The organs such as liver, kidney, heart, spleen and testis were quickly removed, weighted and then kept in a plastic bag at − 70 °C. This was followed by the preparation of tissue homogenates and hepatic subcellular fractions as previously described (Cha et al. 2001). In addition, protein contents of the liver homogenate and cellular fractions were measured by the method of Lowry et al. (1951). The lipid peroxidation products were estimated by measuring thiobarbituric acid-reactive substances (TBARS), as previously described (Ohkawa et al. 1979). The concentration of TBARS was expressed as nmol of malondialdehyde (MDA) per g tissues or mL serum. The concentration of glutathione (GSH), nonenzymatic anti-oxidant, was determined as previously described (Beutler et al. 1963). It was expressed as mg/g tissue and mg/mL serum.

Statistical analysis

Statistical analysis was done using the SPSS 17.0 for Windows (SPSS Inc., Chicago, IL). All data were expressed as the mean ± SEM (SEM: standard errors of the mean). Data analysis was performed using one-way analysis of variance (ANOVA), followed by a post hoc analysis using the Duncan’s new multiple-range test. A P value of < 0.05 was considered statistically significant.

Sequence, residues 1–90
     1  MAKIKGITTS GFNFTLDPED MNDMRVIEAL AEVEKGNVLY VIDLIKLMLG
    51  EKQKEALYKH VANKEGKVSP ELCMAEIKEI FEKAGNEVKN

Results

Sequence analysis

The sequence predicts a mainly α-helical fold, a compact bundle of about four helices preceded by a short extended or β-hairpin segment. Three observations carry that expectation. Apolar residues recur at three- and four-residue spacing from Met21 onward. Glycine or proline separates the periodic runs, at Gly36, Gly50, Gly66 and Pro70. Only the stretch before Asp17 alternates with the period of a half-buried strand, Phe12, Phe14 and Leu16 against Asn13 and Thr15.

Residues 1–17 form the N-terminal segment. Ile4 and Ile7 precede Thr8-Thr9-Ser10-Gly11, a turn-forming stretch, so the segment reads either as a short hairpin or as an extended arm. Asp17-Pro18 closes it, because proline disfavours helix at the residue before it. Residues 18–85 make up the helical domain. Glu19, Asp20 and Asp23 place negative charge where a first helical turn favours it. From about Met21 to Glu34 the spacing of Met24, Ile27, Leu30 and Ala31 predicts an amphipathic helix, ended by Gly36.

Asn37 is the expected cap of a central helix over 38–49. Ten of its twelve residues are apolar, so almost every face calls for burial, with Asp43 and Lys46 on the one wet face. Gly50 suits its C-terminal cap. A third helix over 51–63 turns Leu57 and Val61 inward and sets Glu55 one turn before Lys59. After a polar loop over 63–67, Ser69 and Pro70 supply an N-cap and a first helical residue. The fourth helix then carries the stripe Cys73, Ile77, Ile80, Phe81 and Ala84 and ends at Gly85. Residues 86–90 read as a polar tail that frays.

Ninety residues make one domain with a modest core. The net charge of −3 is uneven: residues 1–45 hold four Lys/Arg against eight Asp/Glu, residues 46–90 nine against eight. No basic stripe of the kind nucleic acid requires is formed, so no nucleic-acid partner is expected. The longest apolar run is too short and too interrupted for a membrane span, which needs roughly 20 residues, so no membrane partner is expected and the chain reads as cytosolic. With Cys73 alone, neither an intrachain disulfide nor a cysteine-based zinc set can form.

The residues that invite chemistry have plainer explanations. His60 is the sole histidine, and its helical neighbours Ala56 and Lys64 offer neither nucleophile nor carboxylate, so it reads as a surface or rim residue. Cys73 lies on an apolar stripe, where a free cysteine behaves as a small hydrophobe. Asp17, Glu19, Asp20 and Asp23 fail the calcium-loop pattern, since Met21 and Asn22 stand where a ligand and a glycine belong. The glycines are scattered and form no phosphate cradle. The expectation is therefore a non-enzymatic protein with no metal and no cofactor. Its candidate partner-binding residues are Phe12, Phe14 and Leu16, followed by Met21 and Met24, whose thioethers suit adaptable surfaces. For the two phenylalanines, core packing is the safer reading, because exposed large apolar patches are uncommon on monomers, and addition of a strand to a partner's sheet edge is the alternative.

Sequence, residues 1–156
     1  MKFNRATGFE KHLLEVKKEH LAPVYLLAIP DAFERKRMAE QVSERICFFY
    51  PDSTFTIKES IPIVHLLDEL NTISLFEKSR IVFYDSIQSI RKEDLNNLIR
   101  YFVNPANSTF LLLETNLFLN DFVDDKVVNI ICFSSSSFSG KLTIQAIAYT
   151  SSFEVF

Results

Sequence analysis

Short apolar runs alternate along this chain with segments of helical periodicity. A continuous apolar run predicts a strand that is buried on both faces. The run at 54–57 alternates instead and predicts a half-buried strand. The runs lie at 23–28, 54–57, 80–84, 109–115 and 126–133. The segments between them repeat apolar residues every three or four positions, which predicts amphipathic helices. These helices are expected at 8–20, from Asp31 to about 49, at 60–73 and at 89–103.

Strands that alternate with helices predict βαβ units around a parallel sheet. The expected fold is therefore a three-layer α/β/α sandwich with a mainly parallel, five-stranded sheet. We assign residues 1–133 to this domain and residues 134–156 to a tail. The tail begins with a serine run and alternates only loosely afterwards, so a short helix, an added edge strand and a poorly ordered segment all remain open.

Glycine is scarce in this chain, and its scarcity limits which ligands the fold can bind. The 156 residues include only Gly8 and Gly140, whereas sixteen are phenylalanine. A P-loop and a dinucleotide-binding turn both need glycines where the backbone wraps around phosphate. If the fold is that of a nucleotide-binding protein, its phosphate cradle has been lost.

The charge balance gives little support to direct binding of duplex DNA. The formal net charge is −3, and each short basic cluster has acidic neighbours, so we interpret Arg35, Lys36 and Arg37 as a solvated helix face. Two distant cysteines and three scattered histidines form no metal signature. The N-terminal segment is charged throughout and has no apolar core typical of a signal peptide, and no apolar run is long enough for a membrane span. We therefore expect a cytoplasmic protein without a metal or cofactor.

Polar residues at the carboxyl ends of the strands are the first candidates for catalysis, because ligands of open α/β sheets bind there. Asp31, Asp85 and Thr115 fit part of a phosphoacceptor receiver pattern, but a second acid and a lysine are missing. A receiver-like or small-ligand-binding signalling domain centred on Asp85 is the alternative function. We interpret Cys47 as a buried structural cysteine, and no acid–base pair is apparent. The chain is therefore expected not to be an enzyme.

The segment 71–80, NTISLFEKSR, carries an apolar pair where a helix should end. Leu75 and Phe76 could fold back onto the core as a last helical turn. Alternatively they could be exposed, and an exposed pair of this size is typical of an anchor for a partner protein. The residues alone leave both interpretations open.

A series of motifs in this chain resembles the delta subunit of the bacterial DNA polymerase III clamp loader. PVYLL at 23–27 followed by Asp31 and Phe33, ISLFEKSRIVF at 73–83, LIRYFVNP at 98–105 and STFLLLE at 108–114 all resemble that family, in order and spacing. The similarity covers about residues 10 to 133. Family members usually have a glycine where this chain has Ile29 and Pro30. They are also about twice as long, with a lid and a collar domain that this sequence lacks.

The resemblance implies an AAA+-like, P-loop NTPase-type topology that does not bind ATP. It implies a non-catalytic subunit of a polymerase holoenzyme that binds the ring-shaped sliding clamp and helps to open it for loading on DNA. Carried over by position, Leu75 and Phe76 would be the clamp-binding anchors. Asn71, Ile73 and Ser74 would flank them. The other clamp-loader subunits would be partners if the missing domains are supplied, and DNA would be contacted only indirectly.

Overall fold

Results

Effect of PJ, CM, CMα and SM on body and organ weight in the alcohol-treated SD rats

As shown in Table 1, although the initial body weight was not significant in normal, control, PJ, CM, CMα and SM, there was a statistically meaningful decrease of the final body weight in C, PJ, CM, CMα and SM. Compared to N group, C group showed markedly increased tissue weight by 0.51%, 0.08% and 0.05% in liver, kidney and testis, respectively, and decreased perirenal and epididymal fat weight by 0.72% and 0.42%, respectively. Compared to control group, administration of PJ, CM, CMα and SM slightly alleviated the increased weight ratio of liver and kidney in alcohol-treated rats. However, there was no specific correlation in weight of heart, spleen, testis, perirenal fat and epididymal fat between N, C, PJ, CM and CMα group.

Table 1 Body weight and the relative weight of the tissue (%)1 in the rats receiving alcohol

Effect of PJ, CM, CMα and SM on serum and liver lipid profile in the alcohol-treated SD rats